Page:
Creating MySQL Database using phpMyAdmin

SAMPLE: A FEEDBACK SYSTEM


In any database-driven web application or systems it is always a good approach to start from the ground to top, of from the backend to the frontend; therefore we will start from our backend which is to design and create the database, please note that I said design before create. This is because the design of a database is a serious business that involve creating a blue-print of what the database would look like on a piece of paper before moving to the computer, on a small scale project like this we may not have much problem because the database may probably have just one table, but in a banking application or educational management systems, where we may have close to if not more ten tables in its database, most which will be related, this would be more complex and therefore require more patience to design.  


Creating the Database
Below is what the design of my feedback database would like, please note I prefer to name the database after the owner company’s name, which I shortened to BGdb.

em1db
As you can see the Feedback table’s fields is design after the data expected from the Feedback form, except for the id and date_submit which plays important role; the id field usually contain auto-generated ascending numbers, this field is actually the primary key of this table, a primary keys uniquely identifies an individual record, for example your bank account number or your student matriculation number is a typical example of a primary key; this ID’s are unique that no students have the same in a particular school, that is why when your lecturer or school authority wants to discipline a student they go after his or her matric number and not there name because we may have students bearing the same first and surname but not matric number. With this number they can easily access a student record successfully. And the date_submit field is for the company to know when the feedback or comment was submitted or sent.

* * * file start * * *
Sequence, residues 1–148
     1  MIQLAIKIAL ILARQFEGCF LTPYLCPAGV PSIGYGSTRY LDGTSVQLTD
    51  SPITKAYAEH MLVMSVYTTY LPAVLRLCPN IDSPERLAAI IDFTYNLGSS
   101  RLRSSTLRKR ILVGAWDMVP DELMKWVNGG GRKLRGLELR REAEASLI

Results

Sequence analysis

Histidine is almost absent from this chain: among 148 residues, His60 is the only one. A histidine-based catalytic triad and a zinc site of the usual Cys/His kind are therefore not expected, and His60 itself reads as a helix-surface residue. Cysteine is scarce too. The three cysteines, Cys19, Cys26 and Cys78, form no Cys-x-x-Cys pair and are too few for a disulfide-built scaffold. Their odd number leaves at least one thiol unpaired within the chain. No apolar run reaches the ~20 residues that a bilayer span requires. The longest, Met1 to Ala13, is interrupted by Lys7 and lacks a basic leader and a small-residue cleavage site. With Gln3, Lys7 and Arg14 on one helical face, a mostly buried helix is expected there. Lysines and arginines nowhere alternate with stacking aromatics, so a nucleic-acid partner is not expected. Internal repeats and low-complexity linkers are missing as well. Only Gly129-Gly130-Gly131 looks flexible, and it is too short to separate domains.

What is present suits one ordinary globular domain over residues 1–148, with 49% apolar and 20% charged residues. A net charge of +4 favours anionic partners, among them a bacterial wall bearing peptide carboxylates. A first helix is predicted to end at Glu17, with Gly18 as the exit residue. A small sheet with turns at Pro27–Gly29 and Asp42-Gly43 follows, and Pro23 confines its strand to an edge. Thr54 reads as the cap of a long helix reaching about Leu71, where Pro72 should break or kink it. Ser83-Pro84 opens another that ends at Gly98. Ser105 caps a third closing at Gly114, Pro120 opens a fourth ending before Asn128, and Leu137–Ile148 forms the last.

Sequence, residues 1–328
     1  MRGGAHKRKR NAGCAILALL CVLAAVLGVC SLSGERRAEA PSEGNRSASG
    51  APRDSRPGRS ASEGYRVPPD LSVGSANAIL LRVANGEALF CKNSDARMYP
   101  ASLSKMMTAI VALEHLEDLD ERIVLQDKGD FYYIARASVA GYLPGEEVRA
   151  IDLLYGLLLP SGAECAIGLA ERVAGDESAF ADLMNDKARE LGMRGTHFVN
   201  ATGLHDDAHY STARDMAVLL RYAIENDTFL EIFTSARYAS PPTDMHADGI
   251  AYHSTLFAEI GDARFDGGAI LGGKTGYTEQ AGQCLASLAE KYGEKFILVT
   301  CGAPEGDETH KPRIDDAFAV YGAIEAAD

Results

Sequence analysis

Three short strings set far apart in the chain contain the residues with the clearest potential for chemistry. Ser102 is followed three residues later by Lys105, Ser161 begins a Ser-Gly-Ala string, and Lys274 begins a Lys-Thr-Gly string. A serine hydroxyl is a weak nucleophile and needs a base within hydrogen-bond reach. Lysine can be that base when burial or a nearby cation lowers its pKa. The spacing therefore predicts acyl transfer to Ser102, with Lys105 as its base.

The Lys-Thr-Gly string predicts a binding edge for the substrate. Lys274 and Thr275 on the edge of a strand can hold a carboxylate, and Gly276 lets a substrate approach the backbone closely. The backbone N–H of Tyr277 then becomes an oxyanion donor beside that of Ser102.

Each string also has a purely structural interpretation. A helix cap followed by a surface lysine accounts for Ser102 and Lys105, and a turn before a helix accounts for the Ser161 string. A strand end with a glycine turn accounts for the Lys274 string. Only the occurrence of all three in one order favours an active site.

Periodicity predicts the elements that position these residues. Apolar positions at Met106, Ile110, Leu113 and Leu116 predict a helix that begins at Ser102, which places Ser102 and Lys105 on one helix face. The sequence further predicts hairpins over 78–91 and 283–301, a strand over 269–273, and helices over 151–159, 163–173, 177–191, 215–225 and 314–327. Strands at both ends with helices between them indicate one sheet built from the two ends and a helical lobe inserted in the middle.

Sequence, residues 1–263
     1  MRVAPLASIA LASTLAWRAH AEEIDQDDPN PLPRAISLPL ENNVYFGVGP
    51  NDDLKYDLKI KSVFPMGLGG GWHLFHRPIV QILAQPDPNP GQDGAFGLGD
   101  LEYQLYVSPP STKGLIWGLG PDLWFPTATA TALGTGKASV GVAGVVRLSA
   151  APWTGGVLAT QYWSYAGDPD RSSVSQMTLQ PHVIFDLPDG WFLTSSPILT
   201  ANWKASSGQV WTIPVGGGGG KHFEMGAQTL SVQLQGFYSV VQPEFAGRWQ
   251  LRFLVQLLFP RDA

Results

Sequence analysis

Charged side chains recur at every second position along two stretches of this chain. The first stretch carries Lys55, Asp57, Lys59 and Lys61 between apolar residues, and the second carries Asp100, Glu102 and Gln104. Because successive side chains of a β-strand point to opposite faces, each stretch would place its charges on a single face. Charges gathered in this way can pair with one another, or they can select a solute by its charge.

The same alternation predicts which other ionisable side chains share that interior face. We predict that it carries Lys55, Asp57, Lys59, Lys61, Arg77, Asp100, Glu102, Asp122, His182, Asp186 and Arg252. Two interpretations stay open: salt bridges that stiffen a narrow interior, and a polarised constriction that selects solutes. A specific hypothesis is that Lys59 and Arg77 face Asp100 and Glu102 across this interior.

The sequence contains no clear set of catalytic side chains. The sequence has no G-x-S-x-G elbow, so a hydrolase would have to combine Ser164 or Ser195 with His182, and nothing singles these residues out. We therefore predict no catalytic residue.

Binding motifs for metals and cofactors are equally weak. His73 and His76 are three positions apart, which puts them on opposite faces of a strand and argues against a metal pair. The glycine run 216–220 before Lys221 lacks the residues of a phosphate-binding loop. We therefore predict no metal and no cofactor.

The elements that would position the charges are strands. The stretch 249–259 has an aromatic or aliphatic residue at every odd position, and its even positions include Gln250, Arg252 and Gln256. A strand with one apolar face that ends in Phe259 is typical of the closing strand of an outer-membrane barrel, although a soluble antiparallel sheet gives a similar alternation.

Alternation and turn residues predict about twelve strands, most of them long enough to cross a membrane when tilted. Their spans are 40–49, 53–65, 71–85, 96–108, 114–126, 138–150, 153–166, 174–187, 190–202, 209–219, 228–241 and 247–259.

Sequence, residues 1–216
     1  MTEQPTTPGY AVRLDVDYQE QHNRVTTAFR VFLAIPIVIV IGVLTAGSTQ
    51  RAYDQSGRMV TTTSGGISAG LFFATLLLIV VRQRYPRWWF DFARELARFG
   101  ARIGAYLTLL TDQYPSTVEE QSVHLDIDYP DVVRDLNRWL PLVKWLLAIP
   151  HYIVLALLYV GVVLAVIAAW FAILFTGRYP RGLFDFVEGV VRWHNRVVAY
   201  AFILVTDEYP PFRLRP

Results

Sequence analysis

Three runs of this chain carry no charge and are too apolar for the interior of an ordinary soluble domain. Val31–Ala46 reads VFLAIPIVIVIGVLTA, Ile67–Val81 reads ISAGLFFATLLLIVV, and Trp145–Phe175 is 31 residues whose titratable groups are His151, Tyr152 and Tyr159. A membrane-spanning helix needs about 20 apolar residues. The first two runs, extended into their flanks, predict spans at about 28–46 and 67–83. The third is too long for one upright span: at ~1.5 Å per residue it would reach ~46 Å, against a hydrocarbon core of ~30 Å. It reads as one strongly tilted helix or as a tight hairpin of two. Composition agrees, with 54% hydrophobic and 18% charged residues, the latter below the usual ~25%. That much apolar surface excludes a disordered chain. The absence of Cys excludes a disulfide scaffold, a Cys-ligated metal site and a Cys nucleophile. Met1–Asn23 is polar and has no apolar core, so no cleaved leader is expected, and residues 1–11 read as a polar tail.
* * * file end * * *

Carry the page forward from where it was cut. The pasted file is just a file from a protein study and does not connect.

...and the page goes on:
Now we can create the database using PhpMyAdmin, I assume that WAMP server is already started. See the Starting and Testing the Server page.
 
There are two ways you can start PhpMyAdmin; first, through the alias of the server from the taskbar. See the screenshot below.

pmyadmin

Or simply type the URL http://localhost/phpmyadmin directly to the address bar.
Below is the screenshot of PhpMyAdmin’s homepage. 

pmyadmin2

The home of your PhpMyAdmin would look exactly like what I above except that the list of the databases (4r, airline, bookshop…..wordpress) at the left won’t be available or be exactly the same with what I have above.

Now enter “BGdb” in the field below the text “Create new database” and click the “Create” button to create our new database, see the screenshot below.

bgdb1

 After clicking the Create button, the database will now be created and will automatically be the active or selected database as you can see below.

bgdb2

Note: any task done with PhpMyAdmin actually issues an SQL query to the MySQL database, as you can see in the SQL query box above: CREATE DATABSE ‘BGdb’;

As you can see we have no table in our newly created “BGdb” database, we can now create the table.

 

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